Cutting-edge research that will inform policy and management decisions to protect Australia’s threatened species will be on show in Canberra on Monday
Leading experts from the NESP TSR Hub will detail their latest research results in a session open to anyone interested in threatened species policy and management.
Topics will range from predators and parasites to the role of genetics in translocation efforts to the red hot red list and monitoring management. Attendees will be briefed on further research opportunities and the future mission of the NESP TSR Hub.
At the conclusion of the day, attendees will hear from Threatened Species Commissioner Gregory Andrews, with opportunity for questions through open floor discussion.
Afternoon tea will be provided.
Please register your attendance.
Image: Growling grass frog by David Bryant (Department of Primary Industries)
New Hub research has quantified the extent of predation by cats on Australia’s birds and identified the species and types of birds most vulnerable to cats. The team found that cats kill over 1 million birds per day in Australia. The total is made up of an estimated 316 million birds killed by feral cats and 61 million killed by pet cats each year.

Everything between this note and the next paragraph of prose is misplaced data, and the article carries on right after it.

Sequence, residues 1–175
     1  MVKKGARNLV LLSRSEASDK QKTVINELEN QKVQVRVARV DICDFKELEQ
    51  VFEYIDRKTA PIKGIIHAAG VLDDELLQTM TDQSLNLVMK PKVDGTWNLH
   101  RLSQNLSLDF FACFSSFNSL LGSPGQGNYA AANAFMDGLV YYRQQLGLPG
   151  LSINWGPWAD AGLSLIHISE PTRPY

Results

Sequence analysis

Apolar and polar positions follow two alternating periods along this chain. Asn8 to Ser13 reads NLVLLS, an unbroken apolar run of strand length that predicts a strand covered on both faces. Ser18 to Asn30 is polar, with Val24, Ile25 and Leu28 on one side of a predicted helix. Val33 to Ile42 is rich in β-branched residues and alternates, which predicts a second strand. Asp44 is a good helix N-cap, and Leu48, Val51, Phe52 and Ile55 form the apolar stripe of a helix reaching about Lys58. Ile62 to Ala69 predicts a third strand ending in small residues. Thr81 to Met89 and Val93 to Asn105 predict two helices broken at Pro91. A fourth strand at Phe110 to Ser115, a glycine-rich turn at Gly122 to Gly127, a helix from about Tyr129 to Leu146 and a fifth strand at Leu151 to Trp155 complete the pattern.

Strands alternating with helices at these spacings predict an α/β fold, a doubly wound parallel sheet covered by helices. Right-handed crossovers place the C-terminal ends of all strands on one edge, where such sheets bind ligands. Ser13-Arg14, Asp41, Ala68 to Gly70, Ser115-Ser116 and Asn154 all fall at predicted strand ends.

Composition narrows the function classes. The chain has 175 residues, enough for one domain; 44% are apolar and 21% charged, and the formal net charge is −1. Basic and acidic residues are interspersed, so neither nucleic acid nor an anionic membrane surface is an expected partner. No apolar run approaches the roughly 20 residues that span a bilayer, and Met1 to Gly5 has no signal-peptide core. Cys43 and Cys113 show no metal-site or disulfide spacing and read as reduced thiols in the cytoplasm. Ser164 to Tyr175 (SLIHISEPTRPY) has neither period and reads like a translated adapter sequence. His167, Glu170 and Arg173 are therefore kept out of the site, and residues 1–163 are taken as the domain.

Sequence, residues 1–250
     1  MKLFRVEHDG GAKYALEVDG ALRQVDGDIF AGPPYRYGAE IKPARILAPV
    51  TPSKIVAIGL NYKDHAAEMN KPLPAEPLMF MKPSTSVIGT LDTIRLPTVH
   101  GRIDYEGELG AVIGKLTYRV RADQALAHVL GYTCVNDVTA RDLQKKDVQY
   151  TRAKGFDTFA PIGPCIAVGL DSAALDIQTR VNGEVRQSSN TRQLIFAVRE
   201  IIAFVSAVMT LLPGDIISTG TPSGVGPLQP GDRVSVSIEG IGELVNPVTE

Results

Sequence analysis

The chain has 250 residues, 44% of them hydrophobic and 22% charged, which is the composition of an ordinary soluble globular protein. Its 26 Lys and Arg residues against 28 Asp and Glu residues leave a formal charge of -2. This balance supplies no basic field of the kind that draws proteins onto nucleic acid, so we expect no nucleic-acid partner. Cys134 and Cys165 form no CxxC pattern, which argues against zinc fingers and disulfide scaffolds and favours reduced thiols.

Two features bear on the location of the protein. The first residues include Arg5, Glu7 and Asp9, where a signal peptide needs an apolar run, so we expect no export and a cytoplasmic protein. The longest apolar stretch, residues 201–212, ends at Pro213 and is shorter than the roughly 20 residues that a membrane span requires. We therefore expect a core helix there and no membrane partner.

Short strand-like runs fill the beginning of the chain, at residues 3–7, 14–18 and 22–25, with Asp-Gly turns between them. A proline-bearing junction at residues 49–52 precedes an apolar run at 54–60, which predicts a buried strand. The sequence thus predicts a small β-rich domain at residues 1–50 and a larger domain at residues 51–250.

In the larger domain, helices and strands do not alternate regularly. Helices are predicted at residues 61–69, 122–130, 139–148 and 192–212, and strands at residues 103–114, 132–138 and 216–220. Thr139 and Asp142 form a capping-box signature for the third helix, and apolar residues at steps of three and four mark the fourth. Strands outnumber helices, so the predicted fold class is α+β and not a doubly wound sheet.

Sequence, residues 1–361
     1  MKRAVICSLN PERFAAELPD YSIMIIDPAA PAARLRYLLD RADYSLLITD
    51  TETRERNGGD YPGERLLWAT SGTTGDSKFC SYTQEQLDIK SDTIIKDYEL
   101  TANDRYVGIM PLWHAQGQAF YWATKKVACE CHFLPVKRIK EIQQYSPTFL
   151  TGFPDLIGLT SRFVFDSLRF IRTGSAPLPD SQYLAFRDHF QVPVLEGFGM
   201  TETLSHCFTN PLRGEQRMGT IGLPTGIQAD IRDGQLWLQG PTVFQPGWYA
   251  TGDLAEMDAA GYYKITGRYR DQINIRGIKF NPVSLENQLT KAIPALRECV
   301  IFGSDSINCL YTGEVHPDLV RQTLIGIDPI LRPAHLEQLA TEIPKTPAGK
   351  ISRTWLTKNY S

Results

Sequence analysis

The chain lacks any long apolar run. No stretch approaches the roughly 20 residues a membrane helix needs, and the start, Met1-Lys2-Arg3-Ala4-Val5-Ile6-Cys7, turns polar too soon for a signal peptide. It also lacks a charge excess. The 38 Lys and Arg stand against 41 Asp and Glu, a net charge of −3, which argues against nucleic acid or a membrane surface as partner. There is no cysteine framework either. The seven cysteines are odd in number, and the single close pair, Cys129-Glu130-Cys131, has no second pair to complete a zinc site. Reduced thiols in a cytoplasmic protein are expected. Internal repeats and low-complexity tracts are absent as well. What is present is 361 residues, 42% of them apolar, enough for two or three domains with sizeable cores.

Sound recorders have been installed across farm land in south-western Victoria and on Kangaroo Island in research to help threatened glossy black-cockatoos and south-eastern red-tailed black-cockatoos, by learning more about their breeding.
As cats and foxes have spread across Australia, islands have prevented the extinctions of several mammals like the boodie. Associate Professor Sarah Legge discusses the importance of safe havens and also summarizes the highlights of a recent 'safe-haven' symposium held at the International Mammalogy Congress in Perth.
The TSR Hub is one of six National Environmental Science Programme hubs and each is making its own important contribution to the national effort to recover our threatened species. Hub Director Brendan Wintle takes a look beyond the TSR Hub to highlight the good work being done on threatened species by our sister hubs.
On sub-Antarctic Macquarie Island a multi-million dollar eradication program removed cats in 2000 and rabbits, rats and mice in 2013. In the aftermath of this effort, beautiful things are emerging. Dr Justine Shaw is leading a TSR Hub project to learn from this experience and monitor how ecosystems respond.